Film director Ingmar Bergman drags some very hefty baggage with him
Words Greg Taylor
Celebrated as one of the all-time great film-makers, the Swedish miserablist stuffed his critically-adored films to breaking point with existential angst, whispered philosophical profundities, fractured families, sexual inadequacies and decaying human flesh. Who said the Scandinavians don’t know how to have a good time?
Bergman’s place in the pantheon of game-changers is being celebrated over the next couple of months with a welcome deep-dive retrospective at the British Film Institute, covering all his 45 films alongside talks, workshops and interviews.
But for those of you who don’t know your Liv Ullman from your Liv Tyler, or your Bibi Andersson from your BB8s, allow us to use your movie preferences to help you decide which of Bergman’s masterpieces to catch on the big screen.
If you liked Bill and Ted’s Bogus Journey, you’ll LOVE The Seventh Seal
In the most excellent BATBG, the eponymous student stoners challenge Death to a selection of games to try and reclaim their immortal souls. Cue the pasty-faced reaper spectacularly failing at Cluedo, Battleship and Twister in predictably hilarious fashion. In The Seventh Seal (1957), Bergman’s most famous film, a grim-faced Crusader knight engages in a battle of wills with Death over a chessboard, striving to save the lives of medieval villagers afflicted with the plague. The air doesn’t so much thrum with heavy metal air guitar chords as the despairing cries of the damned, but it does at least end with a dance to rival any circle pit the Wyld Stallyns could inspire.
If you liked Road Trip then you’ll LOVE Wild Strawberries
In 2000’s bawdy teen comedy Road Trip a group of boys travel across America to retrieve an incriminating sex tape and save an innocent college relationship. Their adventures take in pube digestion, semen donation and snake vexation as well as an urban dictionary-ful filthy words, graphic nudity and deeply questionable life-choices. Writer Todd Phillips, who went on to megabucks with the Hangover trilogy, may well have based his raunchy film on Bergman’s 1957 masterpiece Wild Strawberries, a rare venture into comedy for the super-serious auteur. Detailing a road trip relationship between a crotchety old professor and his heavily pregnant daughter-in-law, while it doesn’t feature gags about erections and poo it does contain allegorical dream sequences, a melancholy doppelganger of doomed youthful love, and a gentle rumination on aging and death. Typical lads-on-tour stuff, really.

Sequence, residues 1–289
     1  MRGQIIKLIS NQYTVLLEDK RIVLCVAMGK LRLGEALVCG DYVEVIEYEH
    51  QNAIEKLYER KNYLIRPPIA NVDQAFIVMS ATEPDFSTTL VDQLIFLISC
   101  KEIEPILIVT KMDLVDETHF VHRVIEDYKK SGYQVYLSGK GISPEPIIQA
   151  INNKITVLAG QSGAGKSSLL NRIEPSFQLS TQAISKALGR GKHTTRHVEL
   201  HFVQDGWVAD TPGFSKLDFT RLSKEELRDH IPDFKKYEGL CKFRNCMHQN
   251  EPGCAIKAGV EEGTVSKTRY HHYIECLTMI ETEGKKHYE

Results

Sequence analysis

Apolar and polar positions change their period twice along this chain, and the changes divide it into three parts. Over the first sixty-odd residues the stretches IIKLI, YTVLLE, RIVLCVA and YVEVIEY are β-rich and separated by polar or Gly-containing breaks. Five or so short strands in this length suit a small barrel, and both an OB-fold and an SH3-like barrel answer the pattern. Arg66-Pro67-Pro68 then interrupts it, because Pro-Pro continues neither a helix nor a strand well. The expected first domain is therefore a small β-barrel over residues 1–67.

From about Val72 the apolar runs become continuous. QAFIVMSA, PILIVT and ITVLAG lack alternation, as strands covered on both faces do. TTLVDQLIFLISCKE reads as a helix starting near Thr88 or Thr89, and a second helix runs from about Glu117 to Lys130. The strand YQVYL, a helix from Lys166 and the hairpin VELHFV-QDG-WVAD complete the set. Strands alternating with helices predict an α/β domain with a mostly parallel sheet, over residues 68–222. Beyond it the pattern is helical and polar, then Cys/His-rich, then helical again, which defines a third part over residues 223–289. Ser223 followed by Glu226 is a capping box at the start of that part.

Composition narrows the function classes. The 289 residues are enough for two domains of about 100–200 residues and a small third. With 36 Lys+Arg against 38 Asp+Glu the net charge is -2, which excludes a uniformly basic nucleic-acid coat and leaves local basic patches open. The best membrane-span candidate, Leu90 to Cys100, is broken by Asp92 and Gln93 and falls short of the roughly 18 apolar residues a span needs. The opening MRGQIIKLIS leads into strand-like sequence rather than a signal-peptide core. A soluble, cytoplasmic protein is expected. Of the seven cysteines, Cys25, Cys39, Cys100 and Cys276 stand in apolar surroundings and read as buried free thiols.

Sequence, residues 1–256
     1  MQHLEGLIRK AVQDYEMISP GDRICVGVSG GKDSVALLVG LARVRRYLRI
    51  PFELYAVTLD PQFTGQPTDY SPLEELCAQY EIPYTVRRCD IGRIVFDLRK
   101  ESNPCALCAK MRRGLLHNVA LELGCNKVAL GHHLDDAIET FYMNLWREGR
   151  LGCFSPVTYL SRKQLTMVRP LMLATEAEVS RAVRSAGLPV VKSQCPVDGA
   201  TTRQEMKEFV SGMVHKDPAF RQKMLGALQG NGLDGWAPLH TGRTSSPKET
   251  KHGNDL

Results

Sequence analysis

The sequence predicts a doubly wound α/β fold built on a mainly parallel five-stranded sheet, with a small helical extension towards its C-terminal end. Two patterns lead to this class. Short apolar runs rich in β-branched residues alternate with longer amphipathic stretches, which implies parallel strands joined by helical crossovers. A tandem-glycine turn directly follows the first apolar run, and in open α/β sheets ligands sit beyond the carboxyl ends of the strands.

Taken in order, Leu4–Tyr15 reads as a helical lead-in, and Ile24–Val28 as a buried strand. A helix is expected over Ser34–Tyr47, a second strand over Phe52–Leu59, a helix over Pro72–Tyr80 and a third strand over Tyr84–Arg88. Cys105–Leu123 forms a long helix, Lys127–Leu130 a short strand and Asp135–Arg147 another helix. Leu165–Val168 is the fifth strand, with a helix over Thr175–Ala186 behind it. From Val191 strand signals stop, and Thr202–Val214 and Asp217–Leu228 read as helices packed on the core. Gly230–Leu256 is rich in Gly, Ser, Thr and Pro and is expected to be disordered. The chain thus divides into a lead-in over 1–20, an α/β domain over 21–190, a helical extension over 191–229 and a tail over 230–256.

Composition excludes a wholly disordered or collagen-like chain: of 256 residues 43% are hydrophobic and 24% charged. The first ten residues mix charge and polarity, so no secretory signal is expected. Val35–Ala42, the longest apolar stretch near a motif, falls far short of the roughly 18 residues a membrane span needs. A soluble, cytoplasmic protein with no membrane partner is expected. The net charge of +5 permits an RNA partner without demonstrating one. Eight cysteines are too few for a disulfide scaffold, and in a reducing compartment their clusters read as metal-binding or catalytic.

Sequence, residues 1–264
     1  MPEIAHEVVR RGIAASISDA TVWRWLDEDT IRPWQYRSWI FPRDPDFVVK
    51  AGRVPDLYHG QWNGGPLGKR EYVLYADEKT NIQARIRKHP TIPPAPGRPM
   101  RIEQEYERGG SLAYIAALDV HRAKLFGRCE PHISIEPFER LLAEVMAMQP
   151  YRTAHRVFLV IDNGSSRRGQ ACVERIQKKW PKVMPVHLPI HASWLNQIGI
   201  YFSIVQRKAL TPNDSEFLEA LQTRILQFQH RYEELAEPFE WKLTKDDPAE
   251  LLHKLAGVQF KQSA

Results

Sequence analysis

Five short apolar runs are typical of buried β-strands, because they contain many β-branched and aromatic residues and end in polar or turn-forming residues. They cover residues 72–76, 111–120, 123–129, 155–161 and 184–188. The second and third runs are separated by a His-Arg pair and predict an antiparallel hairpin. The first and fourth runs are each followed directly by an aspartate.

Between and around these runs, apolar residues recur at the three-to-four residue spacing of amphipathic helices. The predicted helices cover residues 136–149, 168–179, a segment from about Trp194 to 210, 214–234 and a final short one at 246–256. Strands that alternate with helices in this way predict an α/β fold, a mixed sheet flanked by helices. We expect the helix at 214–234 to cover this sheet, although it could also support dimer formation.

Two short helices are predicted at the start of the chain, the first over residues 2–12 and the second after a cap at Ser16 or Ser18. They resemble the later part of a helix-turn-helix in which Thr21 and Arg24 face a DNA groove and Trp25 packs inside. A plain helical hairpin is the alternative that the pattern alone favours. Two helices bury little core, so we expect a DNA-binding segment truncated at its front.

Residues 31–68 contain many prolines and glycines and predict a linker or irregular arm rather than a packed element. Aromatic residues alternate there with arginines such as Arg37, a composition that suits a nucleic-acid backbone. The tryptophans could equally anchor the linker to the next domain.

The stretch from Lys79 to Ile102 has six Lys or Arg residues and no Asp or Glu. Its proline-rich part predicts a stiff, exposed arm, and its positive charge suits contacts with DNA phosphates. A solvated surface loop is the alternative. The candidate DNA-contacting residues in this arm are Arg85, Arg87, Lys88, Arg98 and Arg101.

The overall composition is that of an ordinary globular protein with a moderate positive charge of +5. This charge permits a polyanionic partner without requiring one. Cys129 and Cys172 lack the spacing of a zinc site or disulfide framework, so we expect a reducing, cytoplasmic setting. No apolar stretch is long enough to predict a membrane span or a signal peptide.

If you liked Face/Off then you’ll LOVE Persona
1997’s Face/Off was the apotheosis of bonkers 90s action brilliance about a vengeful cop who steals the face of a comatose master criminal to infiltrate his gang and discover where they’ve hidden a nuke that will level Los Angeles. It contains pantomime levels of over-acting from John Travolta and Nicholas Cage, slow-mo strutting, and even a gunfight choreographed to Somewhere Over the Rainbow. Beneath the blood and viscera though, there’s smart subtext about fluid and interchangeable identities, and the irony of becoming the thing you most despise, themes also explored in Bergman’s challenging, oppressive 1966 masterpiece Persona. The film sees a nurse and her mute patient engaging in long, dark and silent night of the soul, falling apart and exchanging identities in an isolated, spirit-crushing coastal cottage. What Persona lacks in bullets and gore it makes up for in chilly stares and encroaching despair, but no one would argue that it wouldn’t have benefitted from a speedboat chase or two.
If you liked The Last House on the Left you’ll LOVE The Virgin Spring
Wes Craven changed American horror film with Last House on the Left, his savage, uncompromising 1972 tale of parents turning the tables on the psychotics who raped and murdered their daughters. With its shootings, electrocutions and toothy castrations, it ushered in a wave of ever-more-extreme urban nightmares that birthed that most tedious of sub-genres, the slasher movie. But Craven, an intellectual college professor masquerading as a schlock-master, based his bloody opus on Bergman’s The Virgin Spring (1960), a stark religious parable set in medieval Sweden that seethes with guilt, corruption and pain. Simple village folk wrestle with their indoctrinated morality as they try to come to terms, and take action against, the everyday brutality and existential chaos of medieval life. It’s actually one of Bergman’s lighter works.
If you like Frozen then you’ll LOVE Cries and Whispers
All the kids love Disney’s 2013 blockbuster Frozen. The colourful adventure follows a young princess who must save the kingdom by confronting her distant sister who has been ice-blasting the realm with magical beams creating a perpetual winter. The smash hit song Let It Go, warbled deafeningly by tots across the globe, is a paean to the might of the female id, a primal howl of power. Bergman’s Cries and Whispers, released in 1972, also follows the lives of conflicted and distanced sisters who bare themselves mentally and physically, mutilate their bodies and minds, and mentally disintegrate in a (single) colour-saturated gothic mansion that is every bit as (metaphorically) cold as theFrozen chateau. The destructive id runs rampant and, like Olaf the singing snowman, the characters slowly melt into their agonising fates, while true love feels like a distant fairy-tale. Probably not one for the very youngest out there.